Search for Common Ground organized and hosted a one day policy consultation on Safeguarding Holy Sites for UN and US policy makers and academics on February 27, 2014 in New York. 14 UN missions and US government organizations took part in discussions on the significant role religions play in world affairs and the reciprocal role policymakers can play in supporting inter-religious interests and cooperation to promote peace. Presentations by academics and religious leaders led to practical suggestions by interested policy makers and diplomats on how to support such cooperation.
A consultation on the Universal Code of Conduct on Holy Sites took place at the Residence Palace in Brussels on December 5, 2014. The event was attended by 25 European representatives, including from the permanent missions of Austria, Serbia and Spain to the EU. Five experts from four organizations (Oslo Centre for Human Rights, Inter- Religious Council in Bosnia-Herzegovina, Search for Common Ground and Religions for Peace) presented their experiences on working for the Universal Code of Conduct to Protect Holy Sites.
The overall goal of the project is enhanced trust and improved relations between religious and ethnic communities in Bosnia Herzegovina, by improving the protection of religious objects and holy sites in Bosnia Herzegovina. With the support of leaders from all religious denominations, as well as from local communities and the media, the project is well on the way to achieving this goal, showing early indications of success.
The overall goal of the project is enhanced trust and improved relations between religious and ethnic communities in Bosnia Herzegovina, while the main aim of the project is to improve protection of religious objects and holy sites in Bosnia Herzegovina. In this regard the project fulfilled its immediate objectives. As a result of the implemented activities, it contributed to the development of techniques in some local communities, to improve the protection of holy sites in Bosnia Herzegovina.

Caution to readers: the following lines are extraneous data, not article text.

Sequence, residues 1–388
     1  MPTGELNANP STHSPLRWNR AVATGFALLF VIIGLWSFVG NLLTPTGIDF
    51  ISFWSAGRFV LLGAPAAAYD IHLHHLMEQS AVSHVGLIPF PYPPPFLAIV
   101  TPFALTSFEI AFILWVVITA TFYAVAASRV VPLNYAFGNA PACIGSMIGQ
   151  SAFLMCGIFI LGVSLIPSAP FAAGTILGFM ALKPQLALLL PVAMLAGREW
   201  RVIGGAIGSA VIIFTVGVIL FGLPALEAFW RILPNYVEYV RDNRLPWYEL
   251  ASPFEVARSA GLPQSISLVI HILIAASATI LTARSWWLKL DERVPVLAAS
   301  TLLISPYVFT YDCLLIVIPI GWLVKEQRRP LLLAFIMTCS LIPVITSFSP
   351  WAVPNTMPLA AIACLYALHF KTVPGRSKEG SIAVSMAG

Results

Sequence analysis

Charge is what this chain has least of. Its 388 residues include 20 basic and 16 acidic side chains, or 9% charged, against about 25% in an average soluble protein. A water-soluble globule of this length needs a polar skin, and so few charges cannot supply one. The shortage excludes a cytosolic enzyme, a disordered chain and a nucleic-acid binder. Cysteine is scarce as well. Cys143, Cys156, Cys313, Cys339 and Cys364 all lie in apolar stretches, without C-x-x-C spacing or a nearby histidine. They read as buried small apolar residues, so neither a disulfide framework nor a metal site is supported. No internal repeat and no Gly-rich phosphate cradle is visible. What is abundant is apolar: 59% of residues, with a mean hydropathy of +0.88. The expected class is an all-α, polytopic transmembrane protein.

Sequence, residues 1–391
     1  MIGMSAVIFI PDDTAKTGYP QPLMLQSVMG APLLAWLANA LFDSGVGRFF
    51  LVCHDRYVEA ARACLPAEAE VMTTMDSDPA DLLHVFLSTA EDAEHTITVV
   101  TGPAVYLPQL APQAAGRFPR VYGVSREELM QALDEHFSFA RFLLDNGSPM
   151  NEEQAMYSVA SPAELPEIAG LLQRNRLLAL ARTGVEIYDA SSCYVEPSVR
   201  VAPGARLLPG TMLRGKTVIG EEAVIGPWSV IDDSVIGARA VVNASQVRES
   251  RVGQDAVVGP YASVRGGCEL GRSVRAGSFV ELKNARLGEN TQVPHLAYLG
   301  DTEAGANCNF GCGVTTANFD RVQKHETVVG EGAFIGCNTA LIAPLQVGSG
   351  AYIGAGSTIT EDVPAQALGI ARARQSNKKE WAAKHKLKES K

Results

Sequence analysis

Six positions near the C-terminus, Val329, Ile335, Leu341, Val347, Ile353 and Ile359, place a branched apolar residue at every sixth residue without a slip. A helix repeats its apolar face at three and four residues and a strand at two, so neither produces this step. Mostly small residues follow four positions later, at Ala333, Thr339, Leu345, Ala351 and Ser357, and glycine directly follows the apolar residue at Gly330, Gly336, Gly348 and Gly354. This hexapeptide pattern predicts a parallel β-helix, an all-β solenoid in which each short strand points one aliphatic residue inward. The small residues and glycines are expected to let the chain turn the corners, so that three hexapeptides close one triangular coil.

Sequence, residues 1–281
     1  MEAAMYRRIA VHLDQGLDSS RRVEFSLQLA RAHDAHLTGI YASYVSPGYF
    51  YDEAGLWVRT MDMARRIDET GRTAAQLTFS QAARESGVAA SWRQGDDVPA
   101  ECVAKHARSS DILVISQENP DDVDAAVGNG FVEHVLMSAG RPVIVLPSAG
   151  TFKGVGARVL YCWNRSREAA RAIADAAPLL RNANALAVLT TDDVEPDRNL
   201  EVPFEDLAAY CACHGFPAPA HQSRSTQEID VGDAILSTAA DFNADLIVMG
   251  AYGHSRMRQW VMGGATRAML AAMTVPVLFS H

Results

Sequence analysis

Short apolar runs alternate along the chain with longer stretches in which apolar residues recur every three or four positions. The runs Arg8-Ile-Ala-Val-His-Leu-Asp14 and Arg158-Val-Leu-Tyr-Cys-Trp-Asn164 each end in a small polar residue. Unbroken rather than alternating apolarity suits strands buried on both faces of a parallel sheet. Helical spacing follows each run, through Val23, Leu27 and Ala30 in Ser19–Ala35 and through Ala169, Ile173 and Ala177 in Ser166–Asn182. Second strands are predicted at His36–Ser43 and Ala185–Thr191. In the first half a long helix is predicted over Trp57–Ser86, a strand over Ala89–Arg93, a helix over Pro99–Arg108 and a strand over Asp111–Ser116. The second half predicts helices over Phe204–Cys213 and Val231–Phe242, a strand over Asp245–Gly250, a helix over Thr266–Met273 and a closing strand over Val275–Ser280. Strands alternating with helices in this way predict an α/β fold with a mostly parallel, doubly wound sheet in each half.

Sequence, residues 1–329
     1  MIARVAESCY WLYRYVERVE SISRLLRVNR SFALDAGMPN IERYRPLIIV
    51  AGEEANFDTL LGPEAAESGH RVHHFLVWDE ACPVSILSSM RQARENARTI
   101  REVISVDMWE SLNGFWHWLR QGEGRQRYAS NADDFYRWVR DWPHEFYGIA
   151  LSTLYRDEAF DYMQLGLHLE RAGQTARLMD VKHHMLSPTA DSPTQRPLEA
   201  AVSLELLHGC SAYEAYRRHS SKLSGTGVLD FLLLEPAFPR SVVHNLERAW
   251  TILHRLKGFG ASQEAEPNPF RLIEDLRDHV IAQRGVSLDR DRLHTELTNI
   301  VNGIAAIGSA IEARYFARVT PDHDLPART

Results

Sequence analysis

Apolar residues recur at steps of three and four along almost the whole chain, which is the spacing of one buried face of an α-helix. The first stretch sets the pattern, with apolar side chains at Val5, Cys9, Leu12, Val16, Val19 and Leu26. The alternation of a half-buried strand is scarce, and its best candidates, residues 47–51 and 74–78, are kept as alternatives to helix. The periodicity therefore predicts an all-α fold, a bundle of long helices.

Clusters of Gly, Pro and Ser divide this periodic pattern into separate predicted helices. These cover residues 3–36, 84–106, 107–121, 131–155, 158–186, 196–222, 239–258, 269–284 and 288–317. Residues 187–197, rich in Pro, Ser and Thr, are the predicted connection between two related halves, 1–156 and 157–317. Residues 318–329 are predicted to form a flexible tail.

Search for Common Ground's (SFCG) Jerusalem office, partnering with the Konrad-Adenauer-Stiftung Israel, held a day-long conference in Jerusalem on November 18th 2015, entitled "Addressing Interreligious Tensions: Holy Sites in the Holy Land". We hosted religious leaders from the Abrahamic faiths, diplomats, academics and representatives from Israeli authorities, who reflected on recent escalations, discussed the power dynamics of religious majority-minority relations in the Holy Land and the possibility of finding common ground between religious and civic values regarding sacred places.
On May 20th 2014, Search for Common Ground’s (SFCG) Jerusalem office held a day conference in partnership with the Konrad-Adenauer-Stiftung Israel, entitled "The Trail of Pope Francis – Holy Sites in Jerusalem". The conference took place five days before the visit of Pope Francis to the Holy Land and drew a packed audience of 108 people including top religious leaders from the Abrahamic faiths, senior European diplomats, academics, and members of the local and international press. Reflecting on changes over the past half century, the conference discussed issues relating to Christian holy sites in Jerusalem, opportunities for inter and intra-faith reconciliation, the vision of the Holy See for Jerusalem and its inhabitants, and the status of Israeli/Vatican relations.
Read this book chapter written by Search for Common Ground’s Jerusalem Co-Director Sharon Rosen, found in Sacred Space in Israel and Palestine, Chapter 11. Edited by Marshall J. Breger, Yitzhak Reiter, and Leonard Hammer. Published by Routledge of New York in 2012.
In Indonesia, holy sites, like houses of worship and other sacred places, are quite often targeted for destruction in religious conflicts and/or they become the center of controversy that leads to then becoming potential targets or sites of violence. Subsequently, SFCG Indonesia conducted research to improve our understanding of the houses of worship and holy sites, including holy site category and complexity of related issues. Field research was conducted in four areas: Manado, Pontianak, Bali, and Bekasi. It applies quantitative and qualitative research method as well.